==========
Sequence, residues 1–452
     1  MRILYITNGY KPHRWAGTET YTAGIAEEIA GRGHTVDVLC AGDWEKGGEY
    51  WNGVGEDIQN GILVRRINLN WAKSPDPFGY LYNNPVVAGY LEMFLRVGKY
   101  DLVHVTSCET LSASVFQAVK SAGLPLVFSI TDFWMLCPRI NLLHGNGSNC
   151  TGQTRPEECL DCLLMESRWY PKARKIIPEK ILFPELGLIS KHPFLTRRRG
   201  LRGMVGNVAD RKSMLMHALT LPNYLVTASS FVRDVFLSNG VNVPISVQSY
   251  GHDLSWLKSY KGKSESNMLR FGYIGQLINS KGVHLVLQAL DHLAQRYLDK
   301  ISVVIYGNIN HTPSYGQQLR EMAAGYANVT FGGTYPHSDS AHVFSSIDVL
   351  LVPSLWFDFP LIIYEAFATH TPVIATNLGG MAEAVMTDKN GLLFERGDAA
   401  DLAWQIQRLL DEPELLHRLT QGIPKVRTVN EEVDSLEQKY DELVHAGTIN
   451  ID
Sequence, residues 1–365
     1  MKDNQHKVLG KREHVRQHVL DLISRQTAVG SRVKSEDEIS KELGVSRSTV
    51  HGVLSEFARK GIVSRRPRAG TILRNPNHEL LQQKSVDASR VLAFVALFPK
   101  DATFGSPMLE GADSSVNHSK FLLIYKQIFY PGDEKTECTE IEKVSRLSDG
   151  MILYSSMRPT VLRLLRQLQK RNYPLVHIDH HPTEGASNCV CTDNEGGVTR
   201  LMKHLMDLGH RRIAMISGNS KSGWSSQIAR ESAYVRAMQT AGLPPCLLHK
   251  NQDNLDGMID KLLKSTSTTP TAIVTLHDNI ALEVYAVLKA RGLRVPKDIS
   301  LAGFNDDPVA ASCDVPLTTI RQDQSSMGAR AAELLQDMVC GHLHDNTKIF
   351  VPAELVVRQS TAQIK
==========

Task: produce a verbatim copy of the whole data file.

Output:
Sequence, residues 1–452
     1  MRILYITNGY KPHRWAGTET YTAGIAEEIA GRGHTVDVLC AGDWEKGGEY
    51  WNGVGEDIQN GILVRRINLN WAKSPDPFGY LYNNPVVAGY LEMFLRVGKY
   101  DLVHVTSCET LSASVFQAVK SAGLPLVFSI TDFWMLCPRI NLLHGNGSNC
   151  TGQTRPEECL DCLLMESRWY PKARKIIPEK ILFPELGLIS KHPFLTRRRG
   201  LRGMVGNVAD RKSMLMHALT LPNYLVTASS FVRDVFLSNG VNVPISVQSY
   251  GHDLSWLKSY KGKSESNMLR FGYIGQLINS KGVHLVLQAL DHLAQRYLDK
   301  ISVVIYGNIN HTPSYGQQLR EMAAGYANVT FGGTYPHSDS AHVFSSIDVL
   351  LVPSLWFDFP LIIYEAFATH TPVIATNLGG MAEAVMTDKN GLLFERGDAA
   401  DLAWQIQRLL DEPELLHRLT QGIPKVRTVN EEVDSLEQKY DELVHAGTIN
   451  ID
Sequence, residues 1–365
     1  MKDNQHKVLG KREHVRQHVL DLISRQTAVG SRVKSEDEIS KELGVSRSTV
    51  HGVLSEFARK GIVSRRPRAG TILRNPNHEL LQQKSVDASR VLAFVALFPK
   101  DATFGSPMLE GADSSVNHSK FLLIYKQIFY PGDEKTECTE IEKVSRLSDG
   151  MILYSSMRPT VLRLLRQLQK RNYPLVHIDH HPTEGASNCV CTDNEGGVTR
   201  LMKHLMDLGH RRIAMISGNS KSGWSSQIAR ESAYVRAMQT AGLPPCLLHK
   251  NQDNLDGMID KLLKSTSTTP TAIVTLHDNI ALEVYAVLKA RGLRVPKDIS
   301  LAGFNDDPVA ASCDVPLTTI RQDQSSMGAR AAELLQDMVC GHLHDNTKIF
   351  VPAELVVRQS TAQIK